Brazilians are passionate about the beautiful game, but unfortunately some of the county’s biggest games – especially its major city derbies – are marred by violence.
But this season saw south Brazil’s biggest team, Sport Club Internacional, take action against such violence with an admirable ambient initiative called ‘Side By Side’ that was based around a powerful, participatory approach to ticket sales for its match against local Porte Alegre rivals Gremio (know as the ‘Grenais’).
Marred by violence in recent seasons, Internacional versus Gremio is Brazil’s biggest and traditionally fiercest derby match (it is one of South America’s three flagship local derbies alongside Boca Juniors vs River Plate in Argentina and Peñarol vs Nacional in Uruguay).
In an attempt to change supporter behaviour and bring families back to its stadium, SC Internacional proposed an unexpected joint crowd invitation – for fans to attend the game in its the Campeonato Gaúcho they had to invite a Gremio supporter to sit beside them.
Indeed, to buy a ticket to the big game, home fans needed not just to invite a rival Gremio fan to sit next to them at the match, but also they pairs had to walk a kilometre down ‘Goals’ Way’ together to the stadium.
Club members and ticket buyers were sent a surprising invitation to the much-anticipated match – the invite explained the catch: if they wanted to attend the game they would be required to walk to the ground with a fan from the opposite team and sit beside them throughout the match.
SC Internacional’s aim was to bring fans together, to unite them in their love for the game and to show that watching a big soccer match in Brazil can be safe for everyone – from kids to families.
To change the local fan culture by sitting them next to one another so they could humanis oppostition supporters and see that these rivals fans are just ordinary people (like them).
The aim was to return football fandom to being about passion for the game and to end the frequent outbreaks of inter-fan violence that had marred recent derbies.
The campaign was developed by Sport Club Internacional’s own in-house production team (stretching from Club President Vitório Carlos Costi Piffero and Club Vice-President: Alexandre Silveira Limeira, through Marketing/Media Vice-President Luiz Henrique Nuñez and Marketing/Media Director Gildo Sibemberg, to PR work by João Vicente Linck Figueira.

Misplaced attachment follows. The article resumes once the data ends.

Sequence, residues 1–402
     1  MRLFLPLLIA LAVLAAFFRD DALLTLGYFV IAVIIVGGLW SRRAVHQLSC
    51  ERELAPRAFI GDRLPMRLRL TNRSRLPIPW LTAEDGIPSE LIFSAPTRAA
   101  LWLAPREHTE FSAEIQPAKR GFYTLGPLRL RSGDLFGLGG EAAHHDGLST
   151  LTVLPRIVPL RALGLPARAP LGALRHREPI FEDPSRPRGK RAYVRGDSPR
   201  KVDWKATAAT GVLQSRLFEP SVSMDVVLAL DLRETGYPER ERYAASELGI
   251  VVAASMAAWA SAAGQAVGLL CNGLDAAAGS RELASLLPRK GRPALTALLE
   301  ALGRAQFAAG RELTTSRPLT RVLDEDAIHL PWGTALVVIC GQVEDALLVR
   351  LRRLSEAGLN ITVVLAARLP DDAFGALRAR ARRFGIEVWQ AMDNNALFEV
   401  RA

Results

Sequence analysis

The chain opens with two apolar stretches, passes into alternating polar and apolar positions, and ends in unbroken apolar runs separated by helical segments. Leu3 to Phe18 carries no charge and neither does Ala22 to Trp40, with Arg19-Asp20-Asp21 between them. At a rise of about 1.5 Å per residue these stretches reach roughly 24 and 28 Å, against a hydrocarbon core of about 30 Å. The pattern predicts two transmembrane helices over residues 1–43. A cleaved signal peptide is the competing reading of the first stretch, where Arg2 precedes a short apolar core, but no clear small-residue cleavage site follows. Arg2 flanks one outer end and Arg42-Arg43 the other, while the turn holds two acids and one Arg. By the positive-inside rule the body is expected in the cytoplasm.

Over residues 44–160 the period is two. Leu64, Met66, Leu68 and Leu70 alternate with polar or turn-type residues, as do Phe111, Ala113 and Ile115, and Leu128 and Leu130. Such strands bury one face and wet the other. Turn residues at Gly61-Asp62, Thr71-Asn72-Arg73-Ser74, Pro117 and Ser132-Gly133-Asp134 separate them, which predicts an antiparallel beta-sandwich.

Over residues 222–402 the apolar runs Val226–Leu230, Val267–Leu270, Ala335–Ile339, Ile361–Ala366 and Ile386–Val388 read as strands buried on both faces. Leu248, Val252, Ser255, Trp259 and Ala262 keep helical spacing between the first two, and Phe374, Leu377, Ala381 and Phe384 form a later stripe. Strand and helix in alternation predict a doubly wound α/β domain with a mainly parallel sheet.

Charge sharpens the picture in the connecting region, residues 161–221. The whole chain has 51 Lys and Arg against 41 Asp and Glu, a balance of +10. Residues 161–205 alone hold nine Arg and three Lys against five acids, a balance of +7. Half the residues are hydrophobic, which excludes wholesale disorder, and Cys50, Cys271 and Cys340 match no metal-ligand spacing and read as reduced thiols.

The film was produced by Nero Films and directed by Nero Orlandi and sound and audio post production was by B Sound Thinking.
‘Our goal was to surpass the stadium barriers and bring back the origin of the sport, that has had in its essence the gathering of people in a healthy environment,’ explains Sport Club Internacional Vice President Alexandre Silveira.
‘Sport Club Internacional’s campaign restated the coexistence and tolerance message for everyone around the world. We realized the success of the campaign, mainly, with the increased number of kids in the following games.’
It seems that the supporters were keen to join the initiative as within 48 hours of the campaign launch more than 2,000 ticket pairs were sold
The initiative is part of SC Internacional’s wider aim to build a culture of inclusivity and an image of good practice. Inclusivity is one of their principles.
‘The mixed crowd ‘Grenais’ crowd is an absolute success story that proves you can have the unique experience of supporting your team at the stadium next to your rival without losing the security and pleasure the game provides,’ states SC Internacional’s Marketing and Media Vice-President Luiz Henrique Nuñez.
‘There was no resistance from the fans. The idea was well received and generated much enthusiasm. There was the fear that something might not go well by some people, including authorities. But everyone involved, such as the security team, traffic control and fire department, among others, along ensured that this great initiative was a success.’
‘It’s still early to say that this can stop the violence in stadiums in days of great rivalries, but it certainly diminishes it and it’s an important starting point to solve this issue. For us it is a path of no return – with a growing trend to host fans of both teams sitting side by side in the stadiums.’
Indeed, the tactic is becoming a trend as it spreads to other clubs in Brazil.
This is a fresh and fantastic ambient idea!
There were certainly risks involved and no guarantees of success, so it clearly took some courage and commitment from all parties involved – from the clubs and the fans, to the police and local government – to bring it to life.
Changing consumer behaviour is touch and changing football fan behaviour is even tougher.
Humanising rivals in this direct way is a clever way to break down barriers, to generate respect and football brotherhood and to curb violence.
Could it offer a template for fierce and problematic local sports rivals all over the world?
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